On the other hand, we reject defendants' argument that the discussion in the jury room deprived them of a fair trial altogether, thus mandating reversal of all counts of which they were convicted. The jury was selective in its approach to the case, and did not convict the defendants on all the counts charged. The nature of the verdicts that were returned in this case makes it clear that the jury separately analyzed the law and the evidence applicable to each count. Moreover, it should be evident from our analysis of the implications of the contact between judge and jury that the potential prejudice, if any, relates exclusively to the jury's disposition of the conspiracy count. There is no basis for concluding that the jury's disposition of the other counts in the indictment might have been influenced in any manner by a discussion which was confined by its terms to an issue relating exclusively to the conspiracy count.



The trial court gave the following instruction concerning the issue of defendants' knowledge:


When the word "knowingly" is used in these instructions, it means that the defendant realized what he was doing and was aware of the nature of this conduct and did not act through ignorance, mistake or accident. Knowledge may be proven by (the) defendant's conduct and by all the facts and circumstances surrounding the case. No person can intentionally avoid knowledge by closing his eyes to facts which should prompt him to investigate.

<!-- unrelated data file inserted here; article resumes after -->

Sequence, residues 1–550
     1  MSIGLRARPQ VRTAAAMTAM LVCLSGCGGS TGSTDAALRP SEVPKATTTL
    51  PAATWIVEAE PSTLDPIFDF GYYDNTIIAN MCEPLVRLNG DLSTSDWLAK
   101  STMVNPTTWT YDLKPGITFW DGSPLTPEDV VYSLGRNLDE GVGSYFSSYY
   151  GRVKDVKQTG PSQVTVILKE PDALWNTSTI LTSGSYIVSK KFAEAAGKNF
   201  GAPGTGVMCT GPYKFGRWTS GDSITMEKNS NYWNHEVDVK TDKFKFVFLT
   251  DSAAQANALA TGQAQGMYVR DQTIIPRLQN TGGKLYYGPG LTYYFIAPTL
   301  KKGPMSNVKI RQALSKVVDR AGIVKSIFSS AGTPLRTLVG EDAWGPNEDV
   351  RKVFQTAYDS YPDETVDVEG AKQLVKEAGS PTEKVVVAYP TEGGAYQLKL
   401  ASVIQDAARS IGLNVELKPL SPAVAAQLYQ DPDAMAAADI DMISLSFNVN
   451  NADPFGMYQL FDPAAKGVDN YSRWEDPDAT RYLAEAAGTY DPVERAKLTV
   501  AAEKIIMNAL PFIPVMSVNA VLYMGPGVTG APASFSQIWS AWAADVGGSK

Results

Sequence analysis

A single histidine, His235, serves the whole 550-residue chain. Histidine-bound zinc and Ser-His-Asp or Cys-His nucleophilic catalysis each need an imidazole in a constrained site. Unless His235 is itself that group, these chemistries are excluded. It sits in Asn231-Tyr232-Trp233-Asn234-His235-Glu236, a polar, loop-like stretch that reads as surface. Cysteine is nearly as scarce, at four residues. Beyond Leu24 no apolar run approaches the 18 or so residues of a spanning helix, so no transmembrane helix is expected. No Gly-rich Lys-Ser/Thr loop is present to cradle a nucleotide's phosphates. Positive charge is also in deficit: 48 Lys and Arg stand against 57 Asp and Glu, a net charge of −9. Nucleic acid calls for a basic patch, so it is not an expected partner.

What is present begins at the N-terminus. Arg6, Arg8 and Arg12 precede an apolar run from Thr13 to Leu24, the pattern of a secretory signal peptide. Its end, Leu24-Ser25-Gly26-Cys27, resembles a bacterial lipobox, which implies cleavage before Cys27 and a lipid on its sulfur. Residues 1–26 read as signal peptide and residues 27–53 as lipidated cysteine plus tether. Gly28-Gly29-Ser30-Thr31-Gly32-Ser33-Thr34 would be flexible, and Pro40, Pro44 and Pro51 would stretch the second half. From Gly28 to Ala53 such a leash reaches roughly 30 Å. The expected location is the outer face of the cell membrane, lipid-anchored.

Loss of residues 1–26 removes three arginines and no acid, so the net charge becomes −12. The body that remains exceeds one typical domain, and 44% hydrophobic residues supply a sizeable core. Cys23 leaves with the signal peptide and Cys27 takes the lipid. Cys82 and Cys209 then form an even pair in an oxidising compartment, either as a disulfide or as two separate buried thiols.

(emphasis added). The final sentence of the instruction, which we render in italics, was the subject of a timely defense objection at trial. Having preserved their objection, defendants argue on appeal that the sentence violates the rule in Sandstrom v. Montana, 442 U.S. 510, 99 S.Ct. 2450, 61 L.Ed.2d 39 (1979), and that it permits a jury to find criminal culpability on the basis of mere negligence. We reject both contentions.


Although we have approved the challenged sentence several times in the past, e.g., United States v. Gabriel, 597 F.2d 95, 100 (7th Cir.), cert. denied, 444 U.S. 858, 100 S.Ct. 120, 62 L.Ed.2d 78 (1979); United States v. Prewitt, 553 F.2d 1082, 1087 (7th Cir.), cert. denied, 434 U.S. 840, 98 S.Ct. 135, 54 L.Ed.2d 104 (1977); United States v. Joyce, 499 F.2d 9, 23 (7th Cir.), cert. denied, 419 U.S. 1031, 95 S.Ct. 512, 42 L.Ed.2d 306 (1974); this appears to be the first occasion this court has had to reevaluate it in light of the Supreme Court's decision in Sandstrom v. Montana, supra. In a case in which intent was an essential element of the crime charged, the Sandstrom decision held that the instruction, "the law presumes that a person intends the ordinary consequences of his voluntary acts," violated the requirement that the government prove every element of the offense beyond a reasonable doubt.


The general inquiry in Sandstrom was whether the language of the challenged sentence was such that the jury could have interpreted the instruction in a way that would impermissibly "reliev(e) the State of the burden of proof ... on the critical question of (the defendant's) state of mind." 442 U.S. at 521, 99 S.Ct. at 2457. The Sandstrom analysis condemns instructions which could be interpreted as imposing conclusive presumptions of intent or rebuttable presumptions which shift to the defendant the burden of persuasion concerning the mental element. See id. at 522-23, 99 S.Ct. at 2458. On the other hand, Sandstrom does not necessarily condemn an instruction which merely describes a rationally-based permissive inference: for example, one that allows but does not require the jury to infer knowledge from a defendant's exposure to information capable of engendering the knowledge. See 442 U.S. at 514, 99 S.Ct. at 2454; id. at 527, 99 S.Ct. at 2460 (Rehnquist, J., concurring).